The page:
Courtesy of Joseph Cultice
The pop-rock artists behind catchy songs such as “Hey There Delilah” will be performing in Columbus at 7 p.m. at Newport Music Hall.
Plain White T’s are currently on tour promoting their newest album, “Wonders of the Younger,” released in December 2010.
The concept of the album was inspired by lead singer Tom Higgenson’s trip to a Cirque de Soleil show.
“It just made him feel like a kid watching it,” Tim Lopez, guitarist and songwriter for the band, said in an interview with The Lantern. “He left all nostalgic for his youth, and then he had the title of the next record.”
Concertgoers can expect a visually stimulating performance, Lopez said.
“When it came time to put the show together, we were able to use the lyrical visuals and bring that to the stage,” Lopez said.
Fans will also notice that instruments have a larger presence in both their latest album and in their concerts.
“We got to really step outside what we are used to when it comes to instrumentation,” Lopez said. “Because of the theme, I feel like, production-wise, the record is really full sounding a lot more grandiose.”
Parachute and Andy Grammer will be opening for Plain White T’s.
The group had a hand in choosing the other musicians on the tour, Lopez said. He said Plain White T’s were lucky to have bands they enjoy personally who also have songs on the charts, including Parachute’s 2009 single “She is Love,” which peaked at No. 66 on the Billboard Hot 100 chart.
“It’s a really stacked bill and I think musically it’s really cohesive,” Lopez said.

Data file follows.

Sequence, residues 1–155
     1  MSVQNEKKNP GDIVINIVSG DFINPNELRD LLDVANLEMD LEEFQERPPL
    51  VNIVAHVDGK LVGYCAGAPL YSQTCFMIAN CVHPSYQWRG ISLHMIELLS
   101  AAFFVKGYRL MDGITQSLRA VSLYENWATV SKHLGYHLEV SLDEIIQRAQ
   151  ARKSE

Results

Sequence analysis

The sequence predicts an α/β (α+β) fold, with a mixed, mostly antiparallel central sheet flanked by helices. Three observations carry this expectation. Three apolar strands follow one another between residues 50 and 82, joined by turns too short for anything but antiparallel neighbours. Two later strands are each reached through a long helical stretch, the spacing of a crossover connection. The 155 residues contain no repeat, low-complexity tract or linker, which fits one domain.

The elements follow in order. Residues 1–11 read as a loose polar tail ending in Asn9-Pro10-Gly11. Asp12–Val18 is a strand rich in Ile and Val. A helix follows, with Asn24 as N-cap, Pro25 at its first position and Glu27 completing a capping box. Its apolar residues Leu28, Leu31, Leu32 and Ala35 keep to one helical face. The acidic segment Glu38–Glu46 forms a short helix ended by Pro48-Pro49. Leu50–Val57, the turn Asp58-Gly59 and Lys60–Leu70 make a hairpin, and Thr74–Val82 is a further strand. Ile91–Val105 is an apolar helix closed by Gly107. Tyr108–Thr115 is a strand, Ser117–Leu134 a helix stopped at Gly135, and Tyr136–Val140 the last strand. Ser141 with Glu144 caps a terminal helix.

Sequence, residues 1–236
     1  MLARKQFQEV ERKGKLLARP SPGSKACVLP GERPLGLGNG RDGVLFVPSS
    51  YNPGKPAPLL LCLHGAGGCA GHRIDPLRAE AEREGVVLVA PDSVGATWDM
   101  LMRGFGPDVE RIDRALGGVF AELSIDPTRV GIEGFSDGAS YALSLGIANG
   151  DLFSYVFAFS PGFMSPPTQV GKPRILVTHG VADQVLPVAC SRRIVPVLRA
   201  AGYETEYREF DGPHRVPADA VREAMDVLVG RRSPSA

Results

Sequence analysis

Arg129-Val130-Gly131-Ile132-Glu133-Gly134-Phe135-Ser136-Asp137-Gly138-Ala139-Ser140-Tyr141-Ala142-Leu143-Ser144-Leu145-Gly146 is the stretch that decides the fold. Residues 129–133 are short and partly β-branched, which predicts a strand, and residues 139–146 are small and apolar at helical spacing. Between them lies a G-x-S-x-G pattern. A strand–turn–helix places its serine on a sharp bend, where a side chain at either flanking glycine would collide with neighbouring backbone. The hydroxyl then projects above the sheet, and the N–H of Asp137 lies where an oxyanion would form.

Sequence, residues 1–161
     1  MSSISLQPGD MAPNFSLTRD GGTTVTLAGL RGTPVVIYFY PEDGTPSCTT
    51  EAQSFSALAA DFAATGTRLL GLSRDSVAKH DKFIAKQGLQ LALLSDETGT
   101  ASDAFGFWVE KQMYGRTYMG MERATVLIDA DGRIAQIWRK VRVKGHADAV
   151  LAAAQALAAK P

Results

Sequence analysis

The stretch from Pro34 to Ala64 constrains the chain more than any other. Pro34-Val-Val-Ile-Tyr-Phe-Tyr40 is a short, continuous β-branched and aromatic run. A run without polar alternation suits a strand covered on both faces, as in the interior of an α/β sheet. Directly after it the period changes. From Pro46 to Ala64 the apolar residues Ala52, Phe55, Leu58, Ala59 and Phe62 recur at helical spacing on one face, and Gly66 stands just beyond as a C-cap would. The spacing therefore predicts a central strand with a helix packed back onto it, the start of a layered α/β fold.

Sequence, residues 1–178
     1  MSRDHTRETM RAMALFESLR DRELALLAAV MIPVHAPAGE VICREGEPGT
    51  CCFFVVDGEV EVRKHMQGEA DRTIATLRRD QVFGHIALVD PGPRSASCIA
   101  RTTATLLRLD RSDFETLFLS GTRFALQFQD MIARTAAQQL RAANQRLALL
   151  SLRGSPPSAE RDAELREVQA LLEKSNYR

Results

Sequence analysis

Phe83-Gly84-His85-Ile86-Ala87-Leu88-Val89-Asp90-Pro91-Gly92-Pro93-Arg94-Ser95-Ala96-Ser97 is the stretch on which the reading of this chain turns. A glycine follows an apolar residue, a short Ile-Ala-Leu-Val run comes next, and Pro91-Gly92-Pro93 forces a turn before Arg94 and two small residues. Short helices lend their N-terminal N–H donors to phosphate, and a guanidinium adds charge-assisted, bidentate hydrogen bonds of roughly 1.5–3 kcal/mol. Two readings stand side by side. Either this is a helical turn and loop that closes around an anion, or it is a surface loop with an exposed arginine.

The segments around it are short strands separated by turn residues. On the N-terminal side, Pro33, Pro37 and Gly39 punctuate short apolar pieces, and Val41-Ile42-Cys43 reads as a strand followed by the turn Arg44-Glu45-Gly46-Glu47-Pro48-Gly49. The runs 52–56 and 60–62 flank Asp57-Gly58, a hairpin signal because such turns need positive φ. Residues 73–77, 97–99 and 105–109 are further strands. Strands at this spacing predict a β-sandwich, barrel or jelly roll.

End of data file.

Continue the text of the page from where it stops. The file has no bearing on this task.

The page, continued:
Lopez also wrote two songs on the band’s album, “Body Parts,” and the album’s first single, “Rhythm of Love.”
Lopez revealed the latter single, which went platinum, was written in a failed attempt to rekindle a relationship.
“It’s the gesture that counts,” he said.
Bianca Daniels, a third-year in psychology, went to Plain White T’s’ Columbus concert in 2007 and would like to see them again.
“It was one of my favorite concerts ever,” Daniels said.
Lauren Lenoir, a third-year in chemical engineering, plans to go to the concert.
“I just think their music is fun and relatable, really cool music,” Lenoir said.
Joe Flarida, a third-year in political science, said the band’s music is very relatable. However, Lopez said one does not have to be a college student to connect with their music.
“It seems like the tracks that keep blowing up are sweetheart little love songs,” Lopez said. “And you don’t have to go to OSU to relate to that. Everyone is out there looking for love.”
Tickets can be purchased for $17 in advance and $20 the day of the concert at Newport Music Hall. Tickets are $22.25 after fees at ticketmaster.com.